Whitby Way – York Minster to Whitby Abbey – 70 miles, 7 days. A thoughtfully designed route by the late Archdeacon of York, Leslie Stanbridge, who knew Yorkshire holy places intimately. Starting at the grand York Minster, shrine of St William of York, and place of rebirth of Roman Christianity in the North in 627 [see St Hilda’s Way and Paulinus Way], you climb from the lowland Vale of York to rolling hills at Crayke before crossing the North York Moors through fields, moorland and ancient paved tracks before following the salmon-rich River Esk Valley to Whitby. You pass by famous ancient establishments in extraordinary settings like Byland and Riveaulx Abbeys and finish at Whitby Abbey. The route also includes villages where one of the last Catholic martyrs, Nicholas Postgate, and the author of Tristram Shandy, preached. The saintly brothers Cedd and Chad were abbots at Lastingham, with its astonishing crypt. The landscapes are enough to carry this route on their own, without the holy places; but with them, and the care given to the presentation of the route in the guidebook, you will have an unforgettable pilgrim experience.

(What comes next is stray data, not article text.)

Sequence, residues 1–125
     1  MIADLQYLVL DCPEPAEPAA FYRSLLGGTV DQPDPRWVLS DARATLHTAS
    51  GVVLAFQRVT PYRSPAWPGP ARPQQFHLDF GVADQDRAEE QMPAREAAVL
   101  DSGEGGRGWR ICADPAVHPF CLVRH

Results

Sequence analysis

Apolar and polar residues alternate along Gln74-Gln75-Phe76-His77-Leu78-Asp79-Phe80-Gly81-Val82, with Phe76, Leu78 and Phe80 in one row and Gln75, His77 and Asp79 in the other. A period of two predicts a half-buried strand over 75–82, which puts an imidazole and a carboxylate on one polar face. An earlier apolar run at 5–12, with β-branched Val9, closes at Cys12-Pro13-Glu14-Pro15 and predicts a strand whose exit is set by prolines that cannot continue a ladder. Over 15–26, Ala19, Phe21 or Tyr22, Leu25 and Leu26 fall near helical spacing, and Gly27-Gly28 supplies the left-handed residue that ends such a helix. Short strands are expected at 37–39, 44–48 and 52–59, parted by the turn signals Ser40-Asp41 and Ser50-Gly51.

High concentration of important medieval religious establishments
Diverse landscapes of lowland vale, moorland, dales, rivers and coast
Holy Places along route listed in our book Britain’s Pilgrim Places: York; Rievaulx; Lastingham; Whitby.
Publicity article here.